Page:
3 November 2023
Pochettino returns to the stadium he helped build
Managers have become such central figures in recent times, with the Premier League attracting the best in the world, and the spotlight will be firmly on the two men in the dugout when Tottenham host Chelsea (live on Showmax Pro, courtesy of Showmax Pro), which also acts as a type of home-coming for Mauricio Pochettino.
But the modern Tottenham Hotspur Stadium might not quite be considered “home” for Pochettino. When he left Spurs, the club had only been using that ground for six months. He was far more familiar overseeing his team at the old White Hart Lane, even Wembley when the club were in-between homes.
He might not have managed many games in the new stadium, but he certainly helped build it by all the funds generated by consistently qualifying for the UEFA Champions League under his watch.
This particular London derby will bring back bitter memories for the Argentinean. Chelsea were the opponents on that famous Monday night in 2016 where Tottenham’s failure to win officially confirmed Leicester City as the fairytale champions of England.
It would be the closest Tottenham would ever get to the Premier League title.
That Monday will be seen as a dark day for him, but it’s also the era that’s looked on with the most fondness for Tottenham. Those were the days that they were always in the Champions League. Those were the days that they were consistently finishing above Arsenal.
However, he couldn’t end that ever-growing trophy drought at the club. A cold, quick look at the bare cabinet would make people say he wasn’t a success. Fans know they can’t be that cold when taking into account how much he improved the team.
The other measurement of Pochettino’s positive influence at the club would be how results have gotten worse since he left. Jose Mourinho was his successor, who, after some promising results, ended up bringing more bluster than success.
Antonio Conte followed as a supposed guarantee to bring trophies. There were a few passionate touchline celebrations, but it all ended in an extraordinary exit where he publicly highlighted the perceived toxicity at the club. At the time, it seemed like the equivalent of quitting your job, pouring petrol over your desk and lighting a match as you leave.
Never mind the top four. Tottenham ended up dropping out of Europe completely before the club decided on a different approach and a bold reset. Enter Ange Postecoglou.
Ten games in, Spurs are top of the table. Happiness at the club is all around. There seems to be a clear plan to improve. Even though it’s only a quarter of the way through the season, it’s hard not to already classify Postecoglou’s Premier League debut campaign as a success.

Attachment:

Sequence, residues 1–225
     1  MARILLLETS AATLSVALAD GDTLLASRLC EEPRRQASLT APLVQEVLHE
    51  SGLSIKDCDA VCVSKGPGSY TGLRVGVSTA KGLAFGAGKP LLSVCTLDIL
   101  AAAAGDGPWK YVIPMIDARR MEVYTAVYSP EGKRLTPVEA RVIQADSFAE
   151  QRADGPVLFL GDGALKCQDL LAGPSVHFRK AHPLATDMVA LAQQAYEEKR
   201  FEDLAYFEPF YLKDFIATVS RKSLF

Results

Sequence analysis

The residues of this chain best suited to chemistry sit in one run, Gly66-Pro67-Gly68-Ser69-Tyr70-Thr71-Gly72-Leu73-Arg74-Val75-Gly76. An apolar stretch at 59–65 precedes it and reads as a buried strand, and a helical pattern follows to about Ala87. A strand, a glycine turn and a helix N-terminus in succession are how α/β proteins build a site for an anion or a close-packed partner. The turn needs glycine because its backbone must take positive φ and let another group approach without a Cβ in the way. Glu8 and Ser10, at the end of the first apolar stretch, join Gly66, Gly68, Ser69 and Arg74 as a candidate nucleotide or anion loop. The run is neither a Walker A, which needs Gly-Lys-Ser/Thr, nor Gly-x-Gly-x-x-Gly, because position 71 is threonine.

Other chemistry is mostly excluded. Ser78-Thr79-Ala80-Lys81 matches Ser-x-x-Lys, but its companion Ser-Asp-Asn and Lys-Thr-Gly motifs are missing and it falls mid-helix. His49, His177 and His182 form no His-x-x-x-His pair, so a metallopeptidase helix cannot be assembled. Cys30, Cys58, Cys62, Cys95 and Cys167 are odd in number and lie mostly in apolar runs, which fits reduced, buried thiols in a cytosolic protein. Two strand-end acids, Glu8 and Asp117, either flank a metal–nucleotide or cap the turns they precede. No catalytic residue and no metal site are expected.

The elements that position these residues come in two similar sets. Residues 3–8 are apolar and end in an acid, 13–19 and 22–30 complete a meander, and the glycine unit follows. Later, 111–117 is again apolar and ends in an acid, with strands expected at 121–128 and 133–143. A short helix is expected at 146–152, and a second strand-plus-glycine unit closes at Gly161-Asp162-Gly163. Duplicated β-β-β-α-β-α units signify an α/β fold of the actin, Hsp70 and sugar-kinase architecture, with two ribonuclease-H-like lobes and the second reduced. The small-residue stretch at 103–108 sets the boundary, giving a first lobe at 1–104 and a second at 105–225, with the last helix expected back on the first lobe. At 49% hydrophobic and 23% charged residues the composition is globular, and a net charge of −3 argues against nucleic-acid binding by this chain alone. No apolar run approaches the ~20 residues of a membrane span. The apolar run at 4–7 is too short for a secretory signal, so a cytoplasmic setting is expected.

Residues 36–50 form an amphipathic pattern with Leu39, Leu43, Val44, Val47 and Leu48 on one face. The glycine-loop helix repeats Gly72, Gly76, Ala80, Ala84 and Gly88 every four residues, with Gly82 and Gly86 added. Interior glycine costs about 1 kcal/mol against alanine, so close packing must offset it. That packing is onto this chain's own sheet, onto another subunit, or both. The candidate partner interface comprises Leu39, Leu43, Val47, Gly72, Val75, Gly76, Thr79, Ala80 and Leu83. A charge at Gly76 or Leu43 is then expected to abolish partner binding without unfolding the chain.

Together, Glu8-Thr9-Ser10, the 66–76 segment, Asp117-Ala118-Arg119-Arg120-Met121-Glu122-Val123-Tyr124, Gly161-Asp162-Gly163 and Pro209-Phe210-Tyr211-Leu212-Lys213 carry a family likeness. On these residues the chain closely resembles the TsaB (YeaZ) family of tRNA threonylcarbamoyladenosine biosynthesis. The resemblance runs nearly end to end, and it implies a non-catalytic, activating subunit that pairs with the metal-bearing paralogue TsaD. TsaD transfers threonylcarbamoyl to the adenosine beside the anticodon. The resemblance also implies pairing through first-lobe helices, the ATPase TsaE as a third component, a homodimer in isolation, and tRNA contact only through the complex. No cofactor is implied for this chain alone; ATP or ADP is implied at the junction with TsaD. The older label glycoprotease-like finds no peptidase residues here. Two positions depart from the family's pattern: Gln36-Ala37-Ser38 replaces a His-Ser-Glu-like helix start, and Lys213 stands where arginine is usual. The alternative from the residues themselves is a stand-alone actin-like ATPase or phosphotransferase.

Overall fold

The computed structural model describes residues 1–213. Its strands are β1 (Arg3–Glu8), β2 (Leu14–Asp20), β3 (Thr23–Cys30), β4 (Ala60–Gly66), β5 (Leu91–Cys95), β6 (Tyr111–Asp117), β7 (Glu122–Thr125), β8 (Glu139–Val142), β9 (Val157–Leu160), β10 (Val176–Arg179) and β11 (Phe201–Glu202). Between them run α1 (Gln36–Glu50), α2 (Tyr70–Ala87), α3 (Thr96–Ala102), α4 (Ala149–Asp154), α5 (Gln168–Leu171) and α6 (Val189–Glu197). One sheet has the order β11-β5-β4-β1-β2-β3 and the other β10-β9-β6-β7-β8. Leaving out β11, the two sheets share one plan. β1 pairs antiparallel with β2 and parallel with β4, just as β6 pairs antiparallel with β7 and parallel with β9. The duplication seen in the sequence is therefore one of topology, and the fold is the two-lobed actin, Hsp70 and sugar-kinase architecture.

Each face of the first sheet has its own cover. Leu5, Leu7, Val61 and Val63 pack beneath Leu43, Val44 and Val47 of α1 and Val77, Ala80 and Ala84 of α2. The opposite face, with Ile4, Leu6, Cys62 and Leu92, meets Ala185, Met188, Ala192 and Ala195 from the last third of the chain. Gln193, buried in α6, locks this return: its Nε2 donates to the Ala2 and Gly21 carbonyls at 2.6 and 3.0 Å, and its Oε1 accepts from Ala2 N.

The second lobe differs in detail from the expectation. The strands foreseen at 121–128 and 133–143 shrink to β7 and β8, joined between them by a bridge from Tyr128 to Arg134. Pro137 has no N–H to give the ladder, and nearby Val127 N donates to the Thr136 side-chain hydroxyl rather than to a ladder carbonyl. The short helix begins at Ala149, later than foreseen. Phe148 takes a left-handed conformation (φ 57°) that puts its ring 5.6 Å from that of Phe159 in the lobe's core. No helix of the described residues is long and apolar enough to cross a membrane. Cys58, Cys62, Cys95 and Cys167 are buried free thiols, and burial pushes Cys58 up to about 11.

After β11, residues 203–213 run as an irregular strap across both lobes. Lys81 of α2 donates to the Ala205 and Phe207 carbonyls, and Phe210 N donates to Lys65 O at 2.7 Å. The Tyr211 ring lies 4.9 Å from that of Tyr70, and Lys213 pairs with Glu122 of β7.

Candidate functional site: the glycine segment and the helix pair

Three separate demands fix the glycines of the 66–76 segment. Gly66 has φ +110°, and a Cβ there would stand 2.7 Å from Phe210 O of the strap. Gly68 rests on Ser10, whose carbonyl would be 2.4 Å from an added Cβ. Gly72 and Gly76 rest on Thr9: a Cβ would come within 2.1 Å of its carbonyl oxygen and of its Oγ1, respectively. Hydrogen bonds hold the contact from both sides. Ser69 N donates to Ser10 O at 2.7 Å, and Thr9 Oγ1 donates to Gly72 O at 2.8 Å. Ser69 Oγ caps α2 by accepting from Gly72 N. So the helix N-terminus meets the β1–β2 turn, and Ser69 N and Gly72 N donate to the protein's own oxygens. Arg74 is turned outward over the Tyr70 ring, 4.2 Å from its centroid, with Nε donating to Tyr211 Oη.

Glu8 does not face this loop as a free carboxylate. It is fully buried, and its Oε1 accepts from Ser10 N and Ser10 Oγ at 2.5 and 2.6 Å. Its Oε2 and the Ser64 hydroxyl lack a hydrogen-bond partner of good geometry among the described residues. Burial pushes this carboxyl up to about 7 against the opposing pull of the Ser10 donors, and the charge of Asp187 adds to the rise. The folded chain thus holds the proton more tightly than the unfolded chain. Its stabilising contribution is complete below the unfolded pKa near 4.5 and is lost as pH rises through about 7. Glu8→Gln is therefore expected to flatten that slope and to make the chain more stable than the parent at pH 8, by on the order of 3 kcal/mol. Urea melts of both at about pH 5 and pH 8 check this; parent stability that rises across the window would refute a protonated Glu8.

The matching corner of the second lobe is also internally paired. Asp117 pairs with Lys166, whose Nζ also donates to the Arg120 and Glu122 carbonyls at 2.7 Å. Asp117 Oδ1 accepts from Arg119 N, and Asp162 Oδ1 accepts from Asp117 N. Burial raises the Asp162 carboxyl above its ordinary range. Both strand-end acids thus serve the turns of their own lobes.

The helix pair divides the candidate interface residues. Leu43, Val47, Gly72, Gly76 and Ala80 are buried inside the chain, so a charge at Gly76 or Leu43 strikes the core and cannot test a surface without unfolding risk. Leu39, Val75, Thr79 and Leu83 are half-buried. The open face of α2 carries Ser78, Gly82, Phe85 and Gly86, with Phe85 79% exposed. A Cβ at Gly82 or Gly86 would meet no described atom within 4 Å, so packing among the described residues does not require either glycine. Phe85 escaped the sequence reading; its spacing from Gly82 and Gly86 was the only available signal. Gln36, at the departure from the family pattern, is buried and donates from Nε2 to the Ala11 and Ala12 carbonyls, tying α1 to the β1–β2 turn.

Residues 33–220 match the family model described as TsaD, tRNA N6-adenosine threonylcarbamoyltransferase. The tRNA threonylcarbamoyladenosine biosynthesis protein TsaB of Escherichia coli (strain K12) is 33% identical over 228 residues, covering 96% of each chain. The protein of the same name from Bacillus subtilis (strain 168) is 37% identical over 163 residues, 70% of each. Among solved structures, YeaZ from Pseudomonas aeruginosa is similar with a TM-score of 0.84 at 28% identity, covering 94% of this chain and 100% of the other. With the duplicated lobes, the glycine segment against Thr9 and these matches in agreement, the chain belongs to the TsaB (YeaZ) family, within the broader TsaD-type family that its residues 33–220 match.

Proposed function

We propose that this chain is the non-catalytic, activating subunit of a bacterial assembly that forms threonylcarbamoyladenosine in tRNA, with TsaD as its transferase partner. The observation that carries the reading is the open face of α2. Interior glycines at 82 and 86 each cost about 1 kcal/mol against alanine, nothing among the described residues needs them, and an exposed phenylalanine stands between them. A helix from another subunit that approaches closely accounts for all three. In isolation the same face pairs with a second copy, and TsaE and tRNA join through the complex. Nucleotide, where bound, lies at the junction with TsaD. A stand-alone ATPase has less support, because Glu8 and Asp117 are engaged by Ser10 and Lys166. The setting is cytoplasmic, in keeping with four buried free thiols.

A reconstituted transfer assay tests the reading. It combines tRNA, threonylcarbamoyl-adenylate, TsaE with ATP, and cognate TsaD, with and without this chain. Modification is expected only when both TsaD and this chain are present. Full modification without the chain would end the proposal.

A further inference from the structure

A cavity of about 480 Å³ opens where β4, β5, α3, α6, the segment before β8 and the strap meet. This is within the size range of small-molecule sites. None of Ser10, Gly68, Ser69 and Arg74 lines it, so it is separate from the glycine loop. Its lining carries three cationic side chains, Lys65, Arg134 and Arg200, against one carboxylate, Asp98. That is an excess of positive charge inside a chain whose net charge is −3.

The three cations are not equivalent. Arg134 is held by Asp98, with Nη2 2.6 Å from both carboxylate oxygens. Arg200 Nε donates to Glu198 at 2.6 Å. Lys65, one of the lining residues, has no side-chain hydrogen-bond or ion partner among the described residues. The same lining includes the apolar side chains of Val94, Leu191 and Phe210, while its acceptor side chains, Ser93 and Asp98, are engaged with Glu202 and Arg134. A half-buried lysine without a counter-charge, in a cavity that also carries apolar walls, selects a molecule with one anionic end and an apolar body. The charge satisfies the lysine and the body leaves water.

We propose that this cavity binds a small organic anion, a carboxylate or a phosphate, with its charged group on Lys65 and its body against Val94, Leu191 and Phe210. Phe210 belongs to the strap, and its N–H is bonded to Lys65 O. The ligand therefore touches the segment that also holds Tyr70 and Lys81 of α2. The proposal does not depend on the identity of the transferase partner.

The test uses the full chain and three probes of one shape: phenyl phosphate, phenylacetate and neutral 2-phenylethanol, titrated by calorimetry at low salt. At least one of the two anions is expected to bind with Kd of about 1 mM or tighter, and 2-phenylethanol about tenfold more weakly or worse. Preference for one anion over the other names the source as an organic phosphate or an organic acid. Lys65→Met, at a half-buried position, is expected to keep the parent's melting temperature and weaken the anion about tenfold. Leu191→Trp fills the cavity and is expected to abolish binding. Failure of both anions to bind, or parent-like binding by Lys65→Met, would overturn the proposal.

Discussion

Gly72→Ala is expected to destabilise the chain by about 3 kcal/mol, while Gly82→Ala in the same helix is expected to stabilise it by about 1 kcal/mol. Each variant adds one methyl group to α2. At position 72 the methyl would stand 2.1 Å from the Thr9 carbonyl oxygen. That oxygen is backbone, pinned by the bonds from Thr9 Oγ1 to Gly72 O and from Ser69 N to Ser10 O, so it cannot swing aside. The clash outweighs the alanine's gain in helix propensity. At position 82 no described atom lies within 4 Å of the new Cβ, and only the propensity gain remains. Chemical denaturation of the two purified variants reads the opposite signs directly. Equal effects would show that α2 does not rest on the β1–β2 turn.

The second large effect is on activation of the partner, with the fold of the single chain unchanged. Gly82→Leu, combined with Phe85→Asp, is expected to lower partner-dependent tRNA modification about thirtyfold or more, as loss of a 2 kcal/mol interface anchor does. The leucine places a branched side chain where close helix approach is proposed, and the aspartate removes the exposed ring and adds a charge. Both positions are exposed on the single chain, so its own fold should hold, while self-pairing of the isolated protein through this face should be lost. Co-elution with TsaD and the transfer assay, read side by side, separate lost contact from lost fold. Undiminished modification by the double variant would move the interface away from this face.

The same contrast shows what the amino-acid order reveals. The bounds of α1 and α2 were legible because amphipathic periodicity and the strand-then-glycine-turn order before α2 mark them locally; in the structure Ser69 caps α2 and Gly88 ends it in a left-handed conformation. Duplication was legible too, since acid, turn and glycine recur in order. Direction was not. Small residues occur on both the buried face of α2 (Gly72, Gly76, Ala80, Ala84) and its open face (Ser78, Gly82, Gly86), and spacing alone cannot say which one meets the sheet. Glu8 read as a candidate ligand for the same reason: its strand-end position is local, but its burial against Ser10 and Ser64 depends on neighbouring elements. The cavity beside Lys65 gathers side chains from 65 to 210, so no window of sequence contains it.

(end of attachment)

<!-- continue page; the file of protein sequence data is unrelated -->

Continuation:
Which brings an ultimate irony to Totttenham’s post-Pochettino approach to hiring managers. They went with a clear “no more Mr Nice Guy” theory as a way to change the culture and bring in success. As it turns out, one of the nicest managers in the Premier League’s history seems to have a better chance of bringing success.
It’s impossible not to like Postecoglou. That amiable Australian accent. The friendly way he says “mate” in press conferences. The way he’s able to make these millionaire footballers seem relatable to the public when talking about issues like mental health. The way he talks about his immigrant father’s love for the game and how he treated the sport as a gateway to get close to him.
In the tainted, ethically dubious world of modern football, here comes this voice making the game seem so human and pure.
More importantly, when it comes to matters where he will actually be judged, he’s backing it up with results at the moment. Spurs are flying, which is the opposite of Chelsea who are lurking in the bottom half.
This Chelsea team and squad that Pochettino have inherited is the complete opposite to what he built at Tottenham. That Spurs team was settled and were able to build on combinations while understanding their clear tactical identity.
This Chelsea team has been totally fractured. An insane number of ins and outs in the transfer market. Various managers. Insecurity after the forced end to Roman Abramovich’s ownership. Confused chaos in Todd Boehly’s “speculate to accumulate” approach.
The Blues have looked neither here nor there last season. Enter Pochettino, and while it all still seems too haphazard at the moment, you do get a sense that something is building slowly. That process might need to quicken up for him to stay in the job for a while. That’s just the reality of modern football.
Maybe that process can be kickstarted with a good result at his old club. His welcome from the home fans will probably be mixed. For some, the respect of the great results he brought will always be looked on fondly. For others, choosing a rival club for his return to the Premier League leaves an unforgivable sour taste.
Postecoglou has stated that he thinks Pochettino deserves a warm welcome, and he will no doubt give him one in his new home that Pochettino helped build.
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